Minou had spent the last few months in and out of the clinic. He had lost so much weight you could feel each and every one of his bones. He vomited everything that touched his lips and had lost control of his bodily functions. They gave him shots and pills, he spent many days in observation, we took care of him as much as we could but to no avail. He no longer had the gallantry and gracefulness that were so innate in him. He wouldn’t even put up a fight when we took him to the vet, and he hated going there, that’s how sick he was.
We went to different clinics until he was finally diagnosed with stomach cancer a few weeks ago. The tumors were all hidden from view, hence why they could not detect them in the multiple ultrasounds they performed. The diagnosis was not surprising, but it still hit us hard.
We had to make a heartbreaking decision. We could put him through a very risky surgery to remove the tumors and subject him to a very painful recovery – assuming he made it through in the first place – or we could do the most humane thing and let him go.
We adopted him when he was only a couple weeks old after his mom disappeared, abandoning him. He was so small he fit in my hand, but the size different didn’t make him fearful or shy. He was feisty, territorial, and not afraid of picking up a fight with other cats twice his size. He would bite and scratch, and train himself to hunt with our heels and legs as his favorite preys. He would run outside every morning and was nearly impossible to get him back inside. He had a strong personality to say the least, but he also had a very affectionate and sweet side if one only knew where to look.
He would hunt birds and bring them back to us. He hated the vets and would draw blood from them, but he never once attacked us, only them. He rarely purred but he would rub himself against us all the time. He would walk alongside us when we joined him during his morning walks and waited for us to come back every night and would not go to bed until we were all home.
He was our first pet, but in reality he became more than that. He was like another son for my parents, and he was a brother to my sister and I. My mother, who surprisingly did not complain much when my sister rescued him and brought him home, told us we could keep him under one condition: when the time comes, we will do what is best for him, not for us.
We experienced a variety of emotions. There was anger at the vets for not finding the tumors earlier. There was guilt and blame because maybe if we had been better to him or paid more attention we could have saved him. We experienced denial, wanting to have a second diagnosis. But most of all, we were flooded with sadness. He was our family, what kind of moral authority were we to simply decide who lives and who dies?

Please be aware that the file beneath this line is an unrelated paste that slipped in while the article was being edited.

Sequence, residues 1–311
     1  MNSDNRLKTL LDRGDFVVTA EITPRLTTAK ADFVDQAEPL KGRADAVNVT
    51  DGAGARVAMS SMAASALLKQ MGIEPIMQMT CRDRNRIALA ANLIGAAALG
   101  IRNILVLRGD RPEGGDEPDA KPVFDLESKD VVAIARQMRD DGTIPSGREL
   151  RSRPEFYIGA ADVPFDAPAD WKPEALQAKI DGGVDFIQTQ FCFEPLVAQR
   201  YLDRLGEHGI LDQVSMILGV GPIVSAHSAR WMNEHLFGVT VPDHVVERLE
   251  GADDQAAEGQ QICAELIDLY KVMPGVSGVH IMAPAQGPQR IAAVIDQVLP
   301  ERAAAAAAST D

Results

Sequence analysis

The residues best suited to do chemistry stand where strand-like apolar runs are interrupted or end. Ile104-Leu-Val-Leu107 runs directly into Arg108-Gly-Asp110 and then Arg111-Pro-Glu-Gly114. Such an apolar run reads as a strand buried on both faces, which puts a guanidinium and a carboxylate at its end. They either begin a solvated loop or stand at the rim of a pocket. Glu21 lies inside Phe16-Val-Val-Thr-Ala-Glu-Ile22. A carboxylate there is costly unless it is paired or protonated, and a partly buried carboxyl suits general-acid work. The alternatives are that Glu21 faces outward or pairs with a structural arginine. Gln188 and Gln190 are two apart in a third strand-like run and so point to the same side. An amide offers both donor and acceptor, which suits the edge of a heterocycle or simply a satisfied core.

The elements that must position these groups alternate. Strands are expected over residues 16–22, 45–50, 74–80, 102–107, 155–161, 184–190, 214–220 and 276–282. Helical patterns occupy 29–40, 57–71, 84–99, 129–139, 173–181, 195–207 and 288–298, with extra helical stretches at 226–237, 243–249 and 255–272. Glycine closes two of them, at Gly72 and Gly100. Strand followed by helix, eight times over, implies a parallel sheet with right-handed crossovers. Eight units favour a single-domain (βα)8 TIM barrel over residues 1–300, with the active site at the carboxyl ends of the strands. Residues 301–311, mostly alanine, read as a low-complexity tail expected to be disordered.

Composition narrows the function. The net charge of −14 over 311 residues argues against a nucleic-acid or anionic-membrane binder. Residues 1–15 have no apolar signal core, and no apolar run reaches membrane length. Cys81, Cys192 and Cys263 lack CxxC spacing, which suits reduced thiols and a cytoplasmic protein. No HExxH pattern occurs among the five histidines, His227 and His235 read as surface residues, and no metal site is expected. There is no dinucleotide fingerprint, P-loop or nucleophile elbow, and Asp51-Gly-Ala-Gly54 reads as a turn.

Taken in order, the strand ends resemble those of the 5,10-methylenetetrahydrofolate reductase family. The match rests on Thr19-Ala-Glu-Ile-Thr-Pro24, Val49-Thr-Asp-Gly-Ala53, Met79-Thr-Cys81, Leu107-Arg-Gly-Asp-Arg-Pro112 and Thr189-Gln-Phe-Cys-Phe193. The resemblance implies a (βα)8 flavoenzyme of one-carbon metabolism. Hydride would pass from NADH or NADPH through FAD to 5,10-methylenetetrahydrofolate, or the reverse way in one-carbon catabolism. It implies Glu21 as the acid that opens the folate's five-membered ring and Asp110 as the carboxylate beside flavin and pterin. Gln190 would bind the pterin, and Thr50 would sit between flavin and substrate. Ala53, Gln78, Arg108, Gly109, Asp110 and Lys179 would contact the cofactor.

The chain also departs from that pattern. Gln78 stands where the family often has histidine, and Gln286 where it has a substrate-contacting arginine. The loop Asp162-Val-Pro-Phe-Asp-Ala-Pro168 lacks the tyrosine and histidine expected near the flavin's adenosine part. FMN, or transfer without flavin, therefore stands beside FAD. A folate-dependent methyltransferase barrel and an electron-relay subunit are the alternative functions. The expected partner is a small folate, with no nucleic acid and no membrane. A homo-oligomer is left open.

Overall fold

We debated on what to do; we could do the surgery or we could even let him live the rest of his days until the disease took him away. Meanwhile, Minou had put on a brave face all this time, but his health declined very rapidly as soon as the diagnosis was out there. Suddenly he could no longer jump on the bed to sleep with us like he did every night. He couldn’t even climb the stairs anymore. It was his way of telling us we needed to think of him.
And so, with the promise we made when we adopted him in mind, and for the great love we had for him, we decided to let him go.
He passed away on January 9th in my sister’s arms – by far his favorite human – with the rest of the family with him. It was heartbreaking.
Before him, I couldn’t care less about animal rights or endangered species. After him, I became a serious advocate even going as far as South Africa to participate in protection programs for big cats. Minou changed our lives for the better and brought out the best versions of ourselves.
I’m at peace now because I know he knew we loved him, and I know that we did what was best for him. He left a hole in my heart that won’t ever be filled, but he also left me with memories and learnings I will never forget.
Thank you for 10 wonderful years, Minou. Goodnight and until we meet again.